Analysis of the True Death Toll of Swine Flu Epidemic In China

January 7, 2010 3:22 pm Last Updated: October 1, 2015 9:00 pm
A woman wears a mask in the Beijing subway on December 2, 2009. (Peter Parks/AFP/Getty Images)
A woman wears a mask in the Beijing subway on December 2, 2009. (Peter Parks/AFP/Getty Images)

Contrary to its propaganda, “Don’t be afraid of the H1N1 flu, which is preventable, controllable, and treatable,” the Chinese Communist Party (CCP) is hiding the real nature of the epidemic by treating it as a “state secret” and keeps mortality figures “strictly confidential.”

Now, although Beijing has admitted that a large number of patients with H1N1 flu appear in almost every part of China, no exact statistics are available for overseas experts to make a possible estimation of the trend of the real mortality of H1N1 flu in China.

It is not believable that only 648 people have died of H1N1 flu in China, according to Jan. 3 data provided by the Chinese regime. Some have estimated that the real death toll is probably several thousand.

The following analysis shows that the public could again be deceived by the regime as it did in the SARS outbreak in 2003.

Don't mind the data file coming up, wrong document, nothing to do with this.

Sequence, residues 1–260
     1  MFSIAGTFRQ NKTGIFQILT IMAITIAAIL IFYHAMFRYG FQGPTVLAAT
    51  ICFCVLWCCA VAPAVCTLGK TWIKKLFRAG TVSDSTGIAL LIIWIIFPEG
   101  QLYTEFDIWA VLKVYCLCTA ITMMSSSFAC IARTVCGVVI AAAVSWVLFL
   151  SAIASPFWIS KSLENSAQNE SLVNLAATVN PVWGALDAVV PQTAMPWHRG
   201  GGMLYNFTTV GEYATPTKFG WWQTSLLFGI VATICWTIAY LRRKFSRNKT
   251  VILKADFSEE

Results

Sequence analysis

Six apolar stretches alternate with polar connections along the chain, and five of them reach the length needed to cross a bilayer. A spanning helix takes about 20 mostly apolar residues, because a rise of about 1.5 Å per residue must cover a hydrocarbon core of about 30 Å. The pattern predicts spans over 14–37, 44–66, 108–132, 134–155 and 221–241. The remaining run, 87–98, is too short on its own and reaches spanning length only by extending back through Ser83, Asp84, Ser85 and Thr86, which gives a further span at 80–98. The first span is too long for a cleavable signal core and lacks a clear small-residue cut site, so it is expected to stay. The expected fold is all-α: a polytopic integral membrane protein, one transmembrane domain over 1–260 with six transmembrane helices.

Low H1N1 Mortality Rates in United States

The global experts generally agreed that the H1N1 flu is a mild flu similar to normal seasonal influenza.

Influenza mortality rates adopted by the United States is examined by "excess mortality" in accordance with international practice, which includes the mortality of those originally suffering from other diseases but losing their lives due to H1N1 flu. Such statistical analysis is very different from that adopted in China, where only the deaths caused directly by H1N1 virus are included in the mortality statistics.

H1N1 Flu Treatment Delayed by the CCP

What happens in American is definitely not the case in mainland China. According to a survey by New Epoch Weekly, many H1N1 flu cases were misdiagnosed and treated as pneumonia, myocarditis, or meningitis in Chinese hospitals before December 2009. Some died even after spending tens of thousands of dollars.